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DIY power taps?

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  • DIY power taps?


    Did a quick search for power taps and am coming up a little empty. Long story short, a very good friend of mine and fellow SCI member, Craig Straub, passed away in Jan '16. Craig built a permanent 4 lane Ninco plastic track that I estimate is around 100' long. The track always had a few power delivery issues (low power dips, etc.) with the track and we had planned on re-wiring the track together before he became ill. In the time since his passing, I have taken on the task of checking and re-wiring his track with the end goal of doing it right once and for all - the way we always planned on. We still occasionally have big race days and having as much of trouble-free track as possible is what I'm shooting for.

    In my initial assessment and tear down, the most recent power issue we ran into was, in fact, a broken solder joint at the rail at one of the taps. While I could have just re-soldered and moved on, I got thinking that maybe there is a better way to approach tapping the track for power across the entire layout. That said, here are the quick facts:

    - 100'ish of track
    - 4 taps (assumed to be evenly spaced apart), each at the 25' mark
    - Power supplied from Pyramid power supply; wired positive
    - 16 ga wire
    - Each tap is just a wire tip soldered directly to an open section of rail on the bottom side of the track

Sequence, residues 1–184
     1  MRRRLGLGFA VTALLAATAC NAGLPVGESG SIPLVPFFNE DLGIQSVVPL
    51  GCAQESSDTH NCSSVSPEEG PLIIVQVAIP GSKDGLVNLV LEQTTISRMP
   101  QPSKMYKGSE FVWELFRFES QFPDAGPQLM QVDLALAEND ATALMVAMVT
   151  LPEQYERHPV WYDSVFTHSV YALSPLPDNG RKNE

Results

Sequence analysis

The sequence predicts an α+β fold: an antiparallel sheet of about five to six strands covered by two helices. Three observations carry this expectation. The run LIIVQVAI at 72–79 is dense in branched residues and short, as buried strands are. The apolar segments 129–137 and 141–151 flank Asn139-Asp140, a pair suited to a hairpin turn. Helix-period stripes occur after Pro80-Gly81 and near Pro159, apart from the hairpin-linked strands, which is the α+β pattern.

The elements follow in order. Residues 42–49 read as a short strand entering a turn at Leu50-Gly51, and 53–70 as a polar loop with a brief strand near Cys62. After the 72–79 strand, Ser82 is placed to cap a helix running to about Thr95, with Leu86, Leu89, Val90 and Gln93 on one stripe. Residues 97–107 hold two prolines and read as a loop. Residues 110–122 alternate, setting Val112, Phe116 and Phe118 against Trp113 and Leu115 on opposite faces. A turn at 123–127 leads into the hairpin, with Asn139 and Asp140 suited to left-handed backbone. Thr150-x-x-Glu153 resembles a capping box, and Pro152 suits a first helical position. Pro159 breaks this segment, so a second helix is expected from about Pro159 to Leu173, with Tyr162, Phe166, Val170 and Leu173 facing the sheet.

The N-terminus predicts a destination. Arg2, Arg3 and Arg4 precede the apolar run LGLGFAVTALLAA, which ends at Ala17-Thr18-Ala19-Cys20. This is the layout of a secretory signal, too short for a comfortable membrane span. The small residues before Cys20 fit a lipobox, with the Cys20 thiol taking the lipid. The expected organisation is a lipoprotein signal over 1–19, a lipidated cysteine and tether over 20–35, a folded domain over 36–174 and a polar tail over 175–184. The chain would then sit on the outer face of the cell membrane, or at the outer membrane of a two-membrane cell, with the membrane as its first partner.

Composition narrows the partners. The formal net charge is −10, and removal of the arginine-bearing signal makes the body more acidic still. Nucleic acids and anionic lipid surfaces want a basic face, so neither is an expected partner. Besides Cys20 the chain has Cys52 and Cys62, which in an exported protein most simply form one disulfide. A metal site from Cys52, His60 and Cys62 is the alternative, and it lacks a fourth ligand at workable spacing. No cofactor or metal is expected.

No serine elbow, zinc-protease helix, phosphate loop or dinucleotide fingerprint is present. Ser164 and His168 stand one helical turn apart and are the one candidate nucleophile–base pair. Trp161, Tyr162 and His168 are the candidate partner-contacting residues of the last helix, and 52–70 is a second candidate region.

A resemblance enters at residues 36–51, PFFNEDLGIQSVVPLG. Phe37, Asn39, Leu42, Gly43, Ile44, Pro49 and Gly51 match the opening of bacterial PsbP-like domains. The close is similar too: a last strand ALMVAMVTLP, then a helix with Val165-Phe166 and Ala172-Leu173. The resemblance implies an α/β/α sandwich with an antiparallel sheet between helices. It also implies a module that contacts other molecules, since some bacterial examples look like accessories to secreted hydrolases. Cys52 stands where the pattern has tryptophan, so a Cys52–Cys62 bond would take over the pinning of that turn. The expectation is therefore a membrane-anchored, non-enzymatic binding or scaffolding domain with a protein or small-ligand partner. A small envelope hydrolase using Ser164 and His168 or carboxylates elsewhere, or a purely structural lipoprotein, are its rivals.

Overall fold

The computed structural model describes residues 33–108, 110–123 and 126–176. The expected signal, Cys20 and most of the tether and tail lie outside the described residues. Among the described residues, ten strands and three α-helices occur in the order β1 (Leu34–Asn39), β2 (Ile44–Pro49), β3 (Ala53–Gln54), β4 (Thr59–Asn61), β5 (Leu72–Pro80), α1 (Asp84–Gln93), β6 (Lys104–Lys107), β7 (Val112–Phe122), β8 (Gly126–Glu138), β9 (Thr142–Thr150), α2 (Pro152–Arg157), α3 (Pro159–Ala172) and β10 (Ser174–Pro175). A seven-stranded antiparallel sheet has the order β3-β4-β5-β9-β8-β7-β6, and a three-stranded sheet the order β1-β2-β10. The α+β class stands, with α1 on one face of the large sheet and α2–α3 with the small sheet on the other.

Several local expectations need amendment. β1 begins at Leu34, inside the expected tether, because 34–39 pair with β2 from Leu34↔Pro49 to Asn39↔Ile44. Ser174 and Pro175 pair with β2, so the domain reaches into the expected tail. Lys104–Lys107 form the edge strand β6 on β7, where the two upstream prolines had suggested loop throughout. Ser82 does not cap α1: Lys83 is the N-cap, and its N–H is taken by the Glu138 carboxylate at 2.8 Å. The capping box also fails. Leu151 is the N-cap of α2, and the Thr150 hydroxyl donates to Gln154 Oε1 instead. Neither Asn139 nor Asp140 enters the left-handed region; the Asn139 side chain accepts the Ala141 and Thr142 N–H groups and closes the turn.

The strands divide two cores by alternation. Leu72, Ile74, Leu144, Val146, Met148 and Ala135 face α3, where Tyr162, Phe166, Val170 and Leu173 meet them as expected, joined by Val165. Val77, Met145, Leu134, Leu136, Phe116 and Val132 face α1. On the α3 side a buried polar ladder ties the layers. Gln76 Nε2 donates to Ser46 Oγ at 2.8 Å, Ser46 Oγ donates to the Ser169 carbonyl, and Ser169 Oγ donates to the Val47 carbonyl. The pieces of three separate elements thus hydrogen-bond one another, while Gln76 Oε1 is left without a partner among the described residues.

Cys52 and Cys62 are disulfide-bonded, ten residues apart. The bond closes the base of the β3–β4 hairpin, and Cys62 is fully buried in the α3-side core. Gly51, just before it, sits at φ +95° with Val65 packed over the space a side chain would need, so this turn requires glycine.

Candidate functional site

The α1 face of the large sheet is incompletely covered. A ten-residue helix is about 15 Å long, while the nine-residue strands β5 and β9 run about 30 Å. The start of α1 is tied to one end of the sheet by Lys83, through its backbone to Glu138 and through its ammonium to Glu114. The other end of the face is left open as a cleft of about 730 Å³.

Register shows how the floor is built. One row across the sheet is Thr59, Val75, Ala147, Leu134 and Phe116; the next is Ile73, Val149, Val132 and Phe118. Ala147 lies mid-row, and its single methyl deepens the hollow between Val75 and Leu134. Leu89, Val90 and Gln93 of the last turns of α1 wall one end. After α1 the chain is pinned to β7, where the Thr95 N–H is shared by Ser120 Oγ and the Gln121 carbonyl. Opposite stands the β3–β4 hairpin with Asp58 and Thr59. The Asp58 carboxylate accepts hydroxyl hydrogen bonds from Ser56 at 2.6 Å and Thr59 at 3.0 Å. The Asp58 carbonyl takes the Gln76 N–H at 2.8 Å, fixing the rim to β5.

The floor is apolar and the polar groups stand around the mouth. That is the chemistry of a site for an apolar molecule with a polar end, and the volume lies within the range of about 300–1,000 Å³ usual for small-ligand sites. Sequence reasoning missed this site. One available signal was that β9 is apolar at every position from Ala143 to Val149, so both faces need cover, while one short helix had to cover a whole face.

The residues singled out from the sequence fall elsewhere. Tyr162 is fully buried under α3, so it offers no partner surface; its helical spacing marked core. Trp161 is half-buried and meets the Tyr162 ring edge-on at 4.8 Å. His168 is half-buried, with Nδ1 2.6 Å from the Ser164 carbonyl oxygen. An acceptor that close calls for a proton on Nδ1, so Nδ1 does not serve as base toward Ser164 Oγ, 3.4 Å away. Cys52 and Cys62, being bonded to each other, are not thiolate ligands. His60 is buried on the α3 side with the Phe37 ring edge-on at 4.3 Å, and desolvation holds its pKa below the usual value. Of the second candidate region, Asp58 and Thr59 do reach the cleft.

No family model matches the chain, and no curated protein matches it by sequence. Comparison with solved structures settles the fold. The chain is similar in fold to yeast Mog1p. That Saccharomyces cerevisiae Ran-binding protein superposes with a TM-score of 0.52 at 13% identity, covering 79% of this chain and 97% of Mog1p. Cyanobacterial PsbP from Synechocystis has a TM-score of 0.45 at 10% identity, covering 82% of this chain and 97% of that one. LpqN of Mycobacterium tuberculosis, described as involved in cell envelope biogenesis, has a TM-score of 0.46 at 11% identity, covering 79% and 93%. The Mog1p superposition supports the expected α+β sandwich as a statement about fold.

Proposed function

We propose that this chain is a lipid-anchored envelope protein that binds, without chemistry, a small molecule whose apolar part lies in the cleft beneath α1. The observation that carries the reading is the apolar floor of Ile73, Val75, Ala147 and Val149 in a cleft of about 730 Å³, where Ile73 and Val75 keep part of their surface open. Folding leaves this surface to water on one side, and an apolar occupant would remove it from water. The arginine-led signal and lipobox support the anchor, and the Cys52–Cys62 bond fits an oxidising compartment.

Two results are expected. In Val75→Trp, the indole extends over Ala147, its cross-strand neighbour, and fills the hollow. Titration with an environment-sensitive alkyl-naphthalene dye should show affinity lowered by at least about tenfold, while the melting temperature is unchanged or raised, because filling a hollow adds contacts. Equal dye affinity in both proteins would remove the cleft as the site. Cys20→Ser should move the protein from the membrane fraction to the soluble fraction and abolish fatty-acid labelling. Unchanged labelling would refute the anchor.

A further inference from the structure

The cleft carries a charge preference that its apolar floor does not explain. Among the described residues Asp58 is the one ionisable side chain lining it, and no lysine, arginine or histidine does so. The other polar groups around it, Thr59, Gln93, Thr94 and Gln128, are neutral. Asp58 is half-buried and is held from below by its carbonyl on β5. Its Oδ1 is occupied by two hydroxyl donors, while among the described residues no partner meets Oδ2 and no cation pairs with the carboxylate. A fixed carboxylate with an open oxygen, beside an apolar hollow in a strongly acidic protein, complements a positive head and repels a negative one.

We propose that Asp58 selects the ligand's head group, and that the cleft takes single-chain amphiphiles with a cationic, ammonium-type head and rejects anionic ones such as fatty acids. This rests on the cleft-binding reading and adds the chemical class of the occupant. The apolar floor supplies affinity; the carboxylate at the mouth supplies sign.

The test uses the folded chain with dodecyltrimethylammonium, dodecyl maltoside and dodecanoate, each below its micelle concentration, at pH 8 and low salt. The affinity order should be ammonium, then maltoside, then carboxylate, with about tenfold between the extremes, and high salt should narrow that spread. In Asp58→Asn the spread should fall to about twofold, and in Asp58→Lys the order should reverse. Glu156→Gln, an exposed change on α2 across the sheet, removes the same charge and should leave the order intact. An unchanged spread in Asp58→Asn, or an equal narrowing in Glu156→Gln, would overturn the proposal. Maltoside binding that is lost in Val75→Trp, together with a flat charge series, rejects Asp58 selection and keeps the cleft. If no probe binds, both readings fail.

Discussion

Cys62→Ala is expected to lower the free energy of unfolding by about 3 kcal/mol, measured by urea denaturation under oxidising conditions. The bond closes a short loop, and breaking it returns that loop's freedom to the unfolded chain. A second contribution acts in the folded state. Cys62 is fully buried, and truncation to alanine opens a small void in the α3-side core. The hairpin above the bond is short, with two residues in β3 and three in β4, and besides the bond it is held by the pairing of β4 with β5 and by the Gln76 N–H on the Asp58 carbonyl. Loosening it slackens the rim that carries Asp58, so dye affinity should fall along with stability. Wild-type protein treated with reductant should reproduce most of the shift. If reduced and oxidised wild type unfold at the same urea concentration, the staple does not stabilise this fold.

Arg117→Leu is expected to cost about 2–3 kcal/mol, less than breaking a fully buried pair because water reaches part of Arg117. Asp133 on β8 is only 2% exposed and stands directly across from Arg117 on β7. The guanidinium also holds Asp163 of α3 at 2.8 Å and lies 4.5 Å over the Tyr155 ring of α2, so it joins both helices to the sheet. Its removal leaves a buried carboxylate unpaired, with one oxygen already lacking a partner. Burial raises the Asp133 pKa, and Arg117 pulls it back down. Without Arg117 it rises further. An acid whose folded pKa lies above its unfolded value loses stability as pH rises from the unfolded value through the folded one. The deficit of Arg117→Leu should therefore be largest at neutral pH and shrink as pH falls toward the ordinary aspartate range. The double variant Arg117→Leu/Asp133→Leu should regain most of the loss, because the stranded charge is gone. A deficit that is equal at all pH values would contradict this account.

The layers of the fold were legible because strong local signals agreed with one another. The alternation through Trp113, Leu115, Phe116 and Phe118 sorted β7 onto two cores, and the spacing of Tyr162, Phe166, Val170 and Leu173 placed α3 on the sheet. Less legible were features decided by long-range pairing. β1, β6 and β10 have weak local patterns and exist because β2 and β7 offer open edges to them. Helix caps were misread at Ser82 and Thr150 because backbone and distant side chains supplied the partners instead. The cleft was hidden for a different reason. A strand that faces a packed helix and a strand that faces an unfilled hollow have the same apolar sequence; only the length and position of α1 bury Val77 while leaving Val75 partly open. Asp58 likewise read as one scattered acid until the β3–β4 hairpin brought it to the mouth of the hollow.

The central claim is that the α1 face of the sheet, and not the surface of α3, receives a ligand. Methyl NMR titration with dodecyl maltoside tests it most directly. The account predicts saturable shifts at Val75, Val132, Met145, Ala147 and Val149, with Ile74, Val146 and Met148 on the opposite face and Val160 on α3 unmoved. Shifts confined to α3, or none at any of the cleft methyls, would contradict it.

Thoughts I've had:
    1. Buy the Ninco track booster cables (#10314) for each of the taps. Pros: easiest way to tap the track and also remain modular (can move tap easily if needed). Cons: expensive and not sure if worth it.

    2. Instead of soldering the wire directly to the rails, strip a section of wire 4-6" long and shove down the rail and then hold wire in place with silicone where it exits the track. My thinking is that the wire will make contact with the rail in multiple places and will keep contact with track movement, etc. Silicone will provide a secure but flexible joint to secure the wire before it snakes down under the table. Pros: cheap and easy. Cons: not sure if it's a good course of action.

    3. I'd also like to integrate a quick disconnect setup while redoing this track. I'd like to have the taps hang down about 3-4" under the table and join the rest of the wiring through bullet or spade connectors. This way if the tapped section of track needs to be removed, I can do so easily instead of snipping wires and needing to re-solder. I know this will create additional resistance in the track, but I don't think it's enough to make a difference overall.

    Alternative approaches?
    Any tap methods for Ninco better? I have a Carrera track and while I see similarities between the two brands, I'm not fully up to speed with what works and does not for Ninco.


  • #2
    Here you go. I have a skid pad made of Ninco track sections and this is how I did the taps. I made them out of K&S phosphor bronze sheet.